Where does parachute pants come from?
In the 1970s, some high-end fashion designers like Dior and Yves Saint Laurent sold exaggeratedly baggy women’s pants with a low crotch, which some in the fashion press dubbed parachute pants based on their billowy cut. This style, which first became fashionable in the 19th century, is also known as harem pants.
In the early 1980s, a different style of pants became known as parachute pants. These were close-fitting, unlike harem pants and made of nylon or polyester. They were named for the material’s resemblance to that used in parachutes. The use of nylon was inspired by breakdancers who used the material’s slickness to help achieve their spinning dance moves. Major press outlets like Forbes and The New Yorker both noted this new fashion trend in 1984.
The 1990s saw yet another iteration of parachute pants, when rapper MC Hammer became known for his baggy harem pants in addition to his rhyming and dancing skills. His harem pants were sometimes called parachute pants by fans and media alike, such as the music magazine Vibe. A 1991 Taco Bell commercial seemed to play on the name parachute pants by showing MC Hammer jumping off a rooftop, his descent slowed by his ballooning pants.
In the 2000-10s, performers like Justin Bieber and Kendrick Lamar wore parachute pants in the harem style. In 2013, Elite Daily claimed that parachute pants were back in style.
Who uses parachute pants?
Because the street-styled parachute pants were a short-lived trend, they are often invoked to reminisce about 1980s popular culture.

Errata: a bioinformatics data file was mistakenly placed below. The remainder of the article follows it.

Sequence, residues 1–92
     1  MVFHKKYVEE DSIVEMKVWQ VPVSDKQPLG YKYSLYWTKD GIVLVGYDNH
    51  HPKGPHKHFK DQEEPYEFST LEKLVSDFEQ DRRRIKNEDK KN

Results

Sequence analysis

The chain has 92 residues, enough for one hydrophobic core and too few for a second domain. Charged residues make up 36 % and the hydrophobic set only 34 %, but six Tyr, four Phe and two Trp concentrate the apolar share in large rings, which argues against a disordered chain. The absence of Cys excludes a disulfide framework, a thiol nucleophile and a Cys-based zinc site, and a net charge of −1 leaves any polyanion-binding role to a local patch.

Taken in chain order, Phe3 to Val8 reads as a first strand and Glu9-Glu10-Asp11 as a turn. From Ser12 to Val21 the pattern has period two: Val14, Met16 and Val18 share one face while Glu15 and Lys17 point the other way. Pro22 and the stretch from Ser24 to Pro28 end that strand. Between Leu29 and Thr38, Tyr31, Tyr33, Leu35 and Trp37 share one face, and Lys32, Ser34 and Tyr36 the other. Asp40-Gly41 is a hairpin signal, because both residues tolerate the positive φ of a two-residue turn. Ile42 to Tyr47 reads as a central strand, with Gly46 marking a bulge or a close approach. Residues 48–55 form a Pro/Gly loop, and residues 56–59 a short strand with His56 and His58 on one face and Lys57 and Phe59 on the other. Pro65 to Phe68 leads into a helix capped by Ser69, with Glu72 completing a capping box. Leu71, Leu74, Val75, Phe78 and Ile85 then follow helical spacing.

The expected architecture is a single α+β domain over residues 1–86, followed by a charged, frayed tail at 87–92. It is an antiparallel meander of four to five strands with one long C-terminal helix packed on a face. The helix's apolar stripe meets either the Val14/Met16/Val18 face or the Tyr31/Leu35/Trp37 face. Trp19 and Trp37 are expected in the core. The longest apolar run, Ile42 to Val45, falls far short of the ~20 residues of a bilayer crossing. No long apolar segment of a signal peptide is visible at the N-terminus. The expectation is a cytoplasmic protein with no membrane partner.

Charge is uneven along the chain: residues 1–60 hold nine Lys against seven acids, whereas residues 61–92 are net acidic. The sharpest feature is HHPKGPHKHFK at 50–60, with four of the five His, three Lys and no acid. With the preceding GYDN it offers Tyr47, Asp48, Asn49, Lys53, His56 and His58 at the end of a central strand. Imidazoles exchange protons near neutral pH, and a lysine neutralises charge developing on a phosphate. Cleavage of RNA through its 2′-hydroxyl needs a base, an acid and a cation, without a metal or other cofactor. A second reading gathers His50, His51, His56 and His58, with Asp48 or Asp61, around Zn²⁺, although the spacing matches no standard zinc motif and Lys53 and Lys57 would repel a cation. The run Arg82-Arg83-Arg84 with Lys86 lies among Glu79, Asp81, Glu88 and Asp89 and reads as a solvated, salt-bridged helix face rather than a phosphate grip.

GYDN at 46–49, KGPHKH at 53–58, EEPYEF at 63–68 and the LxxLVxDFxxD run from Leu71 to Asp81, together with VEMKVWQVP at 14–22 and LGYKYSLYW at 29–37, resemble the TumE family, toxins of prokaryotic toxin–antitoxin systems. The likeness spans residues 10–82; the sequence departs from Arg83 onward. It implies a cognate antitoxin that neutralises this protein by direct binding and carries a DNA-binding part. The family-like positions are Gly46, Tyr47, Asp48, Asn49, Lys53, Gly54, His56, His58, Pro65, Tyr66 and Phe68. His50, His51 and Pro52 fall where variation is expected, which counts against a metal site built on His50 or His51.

Parachute pants are often taken for and called harem pants, which are themselves frequently called Hammer pants, being the superstar rapper’s signature in the 1990s. MC Hammer has said he “detest[s]” the term parachute pants and prefers Hammer pants.
The term parachute pants, while in and out of vogue, can carry a derisive and nostalgic tone, in part mocking and in part missing the short-lived fashion trends of the past decades.
Hate when my jeans fit perfectly then feel like parachute pants 10 minutes later🙄
@Sydneydenise14, February, 2018
My friends and I weren't just at the mall to buy parachute pants or lip gloss, but to participate in copycat consumer rituals that anchored us in the tribe of our peers.
Anna Hanks, The Dallas Morning News, February, 2018
Return with us now to those totally tubular days of yesteryear, specifically the early 1980s. It was a time before many Weekly Volcano readers were born, a time of Reagan-era nuclear fears, indefensible parachute pants and the dazzling high-tech wizardry of the Atari 2600.
Christian Carvajal, Weekly Volcano, February, 2018